Friday, March 26, 2010
The Systems Management Stack
Managing an SOA environment requires a unified view of all levels of the system components. As mentioned before, the way to ensure a unified management view across all layers is to create a Management Dashboard, Centralized Logging Repository, and Single Sign-On Capability. These components ultimately rely on the introduction of probes to monitoring all resources and to track the flow of services across the SOA system.
Unfortunately, the software utility industry has yet to catch-up with the overall SOA management demands. After all, it took decades for the systems management suite to evolve around the mainframe model, and the integrated management view required by modern SOA systems is still evolving. This does not mean that you should take the, see no evil; hear no evil, view of the NASA administrator who ignored the request to check out the Shuttle. It simply means that you should endeavor to create the needed probes and components that will give you a minimum of capability in this area.
Notice from the diagram the suggestion that you manage security at each layer of the management stack. Security is not a layer, but rather an attribute of each layer.
In so far as the entirety of the management cycle is concerned, you should have capabilities for:
· Continuously monitoring the overall health of your system, with the ability to be notified on a trigger basis of events demanding immediate attention.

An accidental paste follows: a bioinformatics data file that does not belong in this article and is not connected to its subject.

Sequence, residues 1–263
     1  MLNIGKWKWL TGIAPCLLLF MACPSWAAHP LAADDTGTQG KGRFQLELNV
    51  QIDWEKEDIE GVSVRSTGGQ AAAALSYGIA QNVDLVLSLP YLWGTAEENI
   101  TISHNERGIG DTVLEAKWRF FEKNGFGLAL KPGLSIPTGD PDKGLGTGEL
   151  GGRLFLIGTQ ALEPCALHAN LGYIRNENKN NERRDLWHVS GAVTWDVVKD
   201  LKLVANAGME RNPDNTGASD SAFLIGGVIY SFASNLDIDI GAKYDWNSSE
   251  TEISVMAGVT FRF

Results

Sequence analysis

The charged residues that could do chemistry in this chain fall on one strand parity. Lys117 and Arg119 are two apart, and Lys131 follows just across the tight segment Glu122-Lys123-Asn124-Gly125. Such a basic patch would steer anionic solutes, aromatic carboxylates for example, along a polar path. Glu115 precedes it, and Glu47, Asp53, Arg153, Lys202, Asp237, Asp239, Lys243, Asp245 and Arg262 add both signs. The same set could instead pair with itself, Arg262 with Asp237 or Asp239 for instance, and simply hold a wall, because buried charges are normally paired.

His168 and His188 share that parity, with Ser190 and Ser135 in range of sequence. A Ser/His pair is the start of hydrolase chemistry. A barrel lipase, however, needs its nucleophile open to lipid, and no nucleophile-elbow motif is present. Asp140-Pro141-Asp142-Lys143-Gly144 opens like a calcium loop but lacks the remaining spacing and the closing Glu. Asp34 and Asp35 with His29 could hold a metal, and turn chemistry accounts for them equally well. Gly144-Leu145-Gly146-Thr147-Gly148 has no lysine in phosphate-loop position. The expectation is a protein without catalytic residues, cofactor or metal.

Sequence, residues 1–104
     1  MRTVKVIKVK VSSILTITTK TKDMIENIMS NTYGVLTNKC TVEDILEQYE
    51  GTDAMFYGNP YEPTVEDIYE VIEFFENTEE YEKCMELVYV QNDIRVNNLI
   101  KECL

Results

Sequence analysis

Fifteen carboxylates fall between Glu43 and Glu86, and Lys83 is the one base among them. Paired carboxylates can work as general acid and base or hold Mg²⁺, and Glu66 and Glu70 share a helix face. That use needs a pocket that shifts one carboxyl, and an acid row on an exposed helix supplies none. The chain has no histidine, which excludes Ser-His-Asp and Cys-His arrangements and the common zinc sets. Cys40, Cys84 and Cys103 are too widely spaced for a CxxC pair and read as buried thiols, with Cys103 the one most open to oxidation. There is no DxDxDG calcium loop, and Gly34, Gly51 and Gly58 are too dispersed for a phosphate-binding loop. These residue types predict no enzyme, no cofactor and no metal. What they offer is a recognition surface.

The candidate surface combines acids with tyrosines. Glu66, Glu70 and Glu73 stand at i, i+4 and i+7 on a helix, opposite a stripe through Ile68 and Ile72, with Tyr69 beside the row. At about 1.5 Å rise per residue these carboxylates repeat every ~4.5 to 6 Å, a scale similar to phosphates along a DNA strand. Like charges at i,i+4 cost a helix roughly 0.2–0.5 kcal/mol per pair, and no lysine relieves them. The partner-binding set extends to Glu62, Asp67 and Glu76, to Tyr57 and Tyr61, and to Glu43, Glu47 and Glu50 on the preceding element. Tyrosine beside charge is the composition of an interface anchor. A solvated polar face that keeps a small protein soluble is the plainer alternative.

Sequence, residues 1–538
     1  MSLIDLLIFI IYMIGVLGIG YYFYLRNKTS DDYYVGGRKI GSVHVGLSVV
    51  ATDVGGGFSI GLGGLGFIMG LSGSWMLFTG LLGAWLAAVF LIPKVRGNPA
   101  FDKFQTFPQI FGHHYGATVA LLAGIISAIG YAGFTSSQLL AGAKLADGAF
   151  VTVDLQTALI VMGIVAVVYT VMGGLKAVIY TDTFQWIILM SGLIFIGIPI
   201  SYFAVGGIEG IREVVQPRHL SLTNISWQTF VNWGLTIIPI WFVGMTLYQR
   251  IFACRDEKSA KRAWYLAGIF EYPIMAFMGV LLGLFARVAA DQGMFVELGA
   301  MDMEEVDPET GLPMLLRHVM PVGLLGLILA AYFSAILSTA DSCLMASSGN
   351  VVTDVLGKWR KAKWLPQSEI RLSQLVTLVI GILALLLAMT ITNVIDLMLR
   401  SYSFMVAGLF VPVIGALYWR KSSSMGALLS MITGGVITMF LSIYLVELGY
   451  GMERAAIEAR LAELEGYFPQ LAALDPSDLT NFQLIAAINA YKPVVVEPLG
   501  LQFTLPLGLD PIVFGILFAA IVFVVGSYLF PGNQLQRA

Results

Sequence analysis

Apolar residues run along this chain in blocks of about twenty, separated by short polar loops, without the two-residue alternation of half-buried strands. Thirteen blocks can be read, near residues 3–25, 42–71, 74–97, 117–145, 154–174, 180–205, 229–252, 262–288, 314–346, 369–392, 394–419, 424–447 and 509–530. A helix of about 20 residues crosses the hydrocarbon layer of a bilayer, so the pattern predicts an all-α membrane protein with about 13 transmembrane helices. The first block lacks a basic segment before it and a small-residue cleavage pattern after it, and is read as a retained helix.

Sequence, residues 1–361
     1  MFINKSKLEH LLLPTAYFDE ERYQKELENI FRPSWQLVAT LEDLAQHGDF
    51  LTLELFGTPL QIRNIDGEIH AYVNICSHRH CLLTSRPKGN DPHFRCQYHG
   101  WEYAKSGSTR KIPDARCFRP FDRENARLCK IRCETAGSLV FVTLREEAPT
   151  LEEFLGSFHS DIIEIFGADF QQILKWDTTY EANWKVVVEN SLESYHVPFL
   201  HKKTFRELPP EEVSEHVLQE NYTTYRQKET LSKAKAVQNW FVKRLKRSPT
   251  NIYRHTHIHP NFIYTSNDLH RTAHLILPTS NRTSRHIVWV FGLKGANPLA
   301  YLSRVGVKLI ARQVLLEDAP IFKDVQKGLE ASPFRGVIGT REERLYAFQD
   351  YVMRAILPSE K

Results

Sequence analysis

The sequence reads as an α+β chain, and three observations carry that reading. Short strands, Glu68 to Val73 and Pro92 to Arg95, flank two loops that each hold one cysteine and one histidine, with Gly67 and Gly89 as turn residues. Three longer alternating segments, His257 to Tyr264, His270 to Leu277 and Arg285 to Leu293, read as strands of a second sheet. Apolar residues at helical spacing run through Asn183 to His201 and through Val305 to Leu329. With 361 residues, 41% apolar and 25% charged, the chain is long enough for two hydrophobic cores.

· Providing the ability to direct specific diagnostic checks to any component or layer in your system on an on-demand basis.
· Maintaining a comprehensive logging repository for all events and traffic taking place in your system. Clearly, this repository could grow to prohibitive levels, but you should at least have the ability to keep a solid log of all messages and events in your system for a period of time, with appropriate summary analytics for the log events that might have to be discarded.
Ideally there should be a unified view where alerts from one layer can be correlated to alerts from another. For this to occur, you will need a canonical way to represent all alerts and events of the various system layers. Unfortunately, chances are that you will have to deal with the formats and interfaces provided by the vendor of choice for each specific layer. If you can afford it, you could add an additional integration component that normalizes the various formats and events around a canonical form that can be used for future analytics.
As for the system probes measuring performance within each component, you should ensure that these monitors never add more than a few percentage points of overhead to the system (<5% is as high as it should be, in my opinion). Ideally, you will have the option of heightening or lowering the degree of monitoring, depending upon circumstances. You can have low level monitoring for steady-state operations and more intrusive monitoring for those cases where more detailed diagnosis is needed.
Finally, make sure to exercise appropriate change management controls in configuring the monitoring and tracing levels. I can’t count the number of times I have witnessed failures caused by someone “forgetting” to remove diagnostic tools from a production system.